Government places seal on pension reform studies

. Apr 23, 2019
house pension reform brazil The House's Constitution and Justice Committee

While the government seeks to gather widespread support from Congress and civil society around its proposal to overhaul Brazil’s pension system, the press has revealed that the studies used to justify the reform proposal have been made confidential by the Ministry of the Economy. In practice, this means that all the material which could be used to convince members of the public of the need for the reform, are inaccessible to everyone bar authorized civil servants.

The move has been criticized from all sides, even by members of the government’s base, coming as the latest episode in what has been an altogether shambolic attempt to pass the pension reform.

Opposition senator Randolfe Rodrigues, who once dubbed the government as a “spectacle of incompetence,” claimed that the measure to keep the pension reform studies under lock and key shows that “the truth is the government’s real enemy.”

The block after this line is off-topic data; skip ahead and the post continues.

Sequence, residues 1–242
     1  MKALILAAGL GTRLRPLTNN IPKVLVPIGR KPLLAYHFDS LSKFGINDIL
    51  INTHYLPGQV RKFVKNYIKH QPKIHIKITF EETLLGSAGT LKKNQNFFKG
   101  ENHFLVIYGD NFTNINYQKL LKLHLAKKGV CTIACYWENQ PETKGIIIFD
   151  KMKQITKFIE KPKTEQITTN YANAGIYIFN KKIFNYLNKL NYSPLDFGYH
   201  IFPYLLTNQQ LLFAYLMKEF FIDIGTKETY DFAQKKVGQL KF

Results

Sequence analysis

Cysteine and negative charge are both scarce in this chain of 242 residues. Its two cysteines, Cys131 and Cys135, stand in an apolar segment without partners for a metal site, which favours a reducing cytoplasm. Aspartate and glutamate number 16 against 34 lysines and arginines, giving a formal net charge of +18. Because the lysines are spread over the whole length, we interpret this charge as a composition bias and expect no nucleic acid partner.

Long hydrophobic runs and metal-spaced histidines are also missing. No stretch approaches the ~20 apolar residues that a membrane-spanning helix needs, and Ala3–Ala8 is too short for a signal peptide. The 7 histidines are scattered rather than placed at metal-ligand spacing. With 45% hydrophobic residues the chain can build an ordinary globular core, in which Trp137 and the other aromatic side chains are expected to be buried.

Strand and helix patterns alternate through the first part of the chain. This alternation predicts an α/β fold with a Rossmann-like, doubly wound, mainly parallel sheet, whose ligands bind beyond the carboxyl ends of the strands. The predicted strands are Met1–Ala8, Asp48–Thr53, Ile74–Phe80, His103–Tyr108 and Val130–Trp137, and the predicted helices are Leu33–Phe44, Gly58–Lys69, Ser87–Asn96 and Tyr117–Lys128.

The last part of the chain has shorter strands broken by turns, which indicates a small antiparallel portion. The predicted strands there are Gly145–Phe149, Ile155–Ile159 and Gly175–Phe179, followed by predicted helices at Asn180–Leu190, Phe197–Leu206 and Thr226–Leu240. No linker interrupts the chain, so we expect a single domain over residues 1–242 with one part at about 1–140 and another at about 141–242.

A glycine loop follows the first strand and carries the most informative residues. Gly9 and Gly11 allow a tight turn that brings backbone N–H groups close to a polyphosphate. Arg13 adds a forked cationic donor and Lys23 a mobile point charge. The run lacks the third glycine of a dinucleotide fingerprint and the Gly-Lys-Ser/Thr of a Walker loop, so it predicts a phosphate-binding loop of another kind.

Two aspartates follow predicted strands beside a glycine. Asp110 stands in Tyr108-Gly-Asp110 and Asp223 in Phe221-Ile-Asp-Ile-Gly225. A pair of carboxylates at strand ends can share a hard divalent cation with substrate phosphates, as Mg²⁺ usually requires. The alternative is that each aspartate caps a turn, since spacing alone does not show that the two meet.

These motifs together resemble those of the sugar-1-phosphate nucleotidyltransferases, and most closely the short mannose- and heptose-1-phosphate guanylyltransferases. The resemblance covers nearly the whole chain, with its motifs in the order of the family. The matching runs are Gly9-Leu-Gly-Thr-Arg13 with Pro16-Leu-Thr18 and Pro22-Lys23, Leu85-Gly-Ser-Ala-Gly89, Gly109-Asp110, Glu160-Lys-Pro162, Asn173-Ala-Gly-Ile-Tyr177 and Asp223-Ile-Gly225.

</span></p> <p><span style="font-weight: 400;">Meanwhile, members of President Jair Bolsonaro&#8217;s Social Liberal Party (PSL) have also joined in, claiming there is no reason for the studies and reports to be made confidential.</span></p> <p><span style="font-weight: 400;">The seal was discovered when reporters from newspaper </span><i><span style="font-weight: 400;">Folha de S. Paulo</span></i><span style="font-weight: 400;"> filed a </span><a href=""><span style="font-weight: 400;">request</span></a><span style="font-weight: 400;"> via Brazil&#8217;s Access to Information Act to see the studies which provided the foundation for the pension reform bill. In response, the newspaper was told by the Ministry of the Economy that it had drafted technical studies, but they are of &#8220;restricted access due to being preparatory documents,&#8221; in other words, documents used to draft a future bill.</span></p> <p><span style="font-weight: 400;">While jurists debate the validity of making preparatory records confidential, this case goes beyond that as the bill in question has already been submitted by the government.</span></p> <p><span style="font-weight: 400;">Rodrigo Maia, the Speaker of the House of Representatives and the ultimate gatekeeper of the pension reform, claimed the measure was &#8220;rushed&#8221; and probably not appropriate. He also stated that the seal would necessarily have to be broken before the bill is analyzed by the Special Committee, which is tasked with analyzing every point of the reform proposal, in detail.</span></p> <p><span style="font-weight: 400;">&#8220;On the day the special committee is set up, this information must be open or there is no way that work can begin,&#8221; he declared.</span></p> <p><span style="font-weight: 400;">Senator Major Olimpio, one of President Bolsonaro&#8217;s closest allies in Congress, declared on Monday that the statistics, studies, and reports would be made available as soon as the pension reform bill is approved in the Constitution and Justice Committee (CCJ) of the lower house. Mr. Maia confirmed this, stating that pensions secretary Rogério Marinho pledged to release the documents on Thursday.</span></p> <p><span style="font-weight: 400;">While the pension reform has a reasonable level of support within Congress, politicians have shown their frustrations in recent months due to a lack of statistics and studies to help them defend the proposal. The pension reform is an altogether unpopular measure, affecting the social security benefits of millions around the country, and many members of Congress feel the government is throwing them to the wolves without any good arguments to defend themselves.</span></p> <p><span style="font-weight: 400;">One of the main complaints is that although the Ministry of the Economy claims its reform plan will </span><a href=""><span style="font-weight: 400;">generate savings of BRL 1.1 trillion over ten years</span></a><span style="font-weight: 400;">, the administration has not revealed a breakdown of how much resources will be freed up by each individual change.</span></p> <h2>Pension reform: the story so far</h2> <p><span style="font-weight: 400;">After an arduous journey, the pension reform bill is set to pass its first hurdle this week: approval in the Constitution and Justice Committee (CCJ) of the House of Representatives. While this comes as good news to the government, it is only a preliminary step and the reform process is already severely delayed. </span></p> <p><span style="font-weight: 400;">The CCJ vote is set to begin on Tuesday, although in all likelihood the bill will be approved in Wednesday&#8217;s session, as a result of the committee&#8217;s disarray.</span></p> <p><span style="font-weight: 400;">When the reform bill was submitted, two months ago, analysts from BTG Pactual set about tracing their forecasts for how long the proposal would take to pass through their lower house. Their optimistic estimate had the bill being approved in the CCJ at the end of March, while their most pessimistic outcome was for the proposal to pass in the committee on April 15, seven days ago. Extrapolating this gloomiest scenario, the bill would only gain full approval in the House of Representatives in December, which would be potentially fatal for the Bolsonaro government.</span></p> <p><span style="font-weight: 400;">As if the delay was not enough, the proposal is set to pass this first phase with amendments made to four aspects of the bill—which is unprecedented in the CCJ, a committee which is solely tasked with analyzing the constitutionality of legislative proposals.</span></p> <p><span style="font-weight: 400;">The four amendments concern changes proposed to the payments of the FGTS severance fund, alterations to the rules for the compulsory retirement of civil service employees, the determination of specific jurisdiction to analyze pension cases, and one provision which would give the government the sole responsibility to promote changes to the pension system.</span></p> <p><span style="font-weight: 400;">The opposition plans to these amendments to demand more time to analyze the bill, which would delay the vote even further in the CCJ. However, their chances of doing so are remote.</span></p> <h2>What&#8217;s next in the reform process?</h2> <p><span style="font-weight: 400;">If the pension reform is approved in the CCJ this week, it will move on to the so-called Special Committee, which is tasked with analyzing the merit of the proposal in minute detail. The process is considerably longer than the CCJ, and early indications show a lot more changes will be made to the reform proposal.</span></p> <p><span style="font-weight: 400;">Approval in the CCJ this week would see the Special Committee set up on May 7. The bill will need to be analyzed for a minimum of 10 committee sessions before a final report can be issued.</span></p> <p><span style="font-weight: 400;">Markets fear that the government&#8217;s lack of organization will lead to the reform bill being watered down considerably before finally coming into force as law. Indications from financial agents suggest that the overall savings of the proposal must remain above at least BRL 500 million in ten years.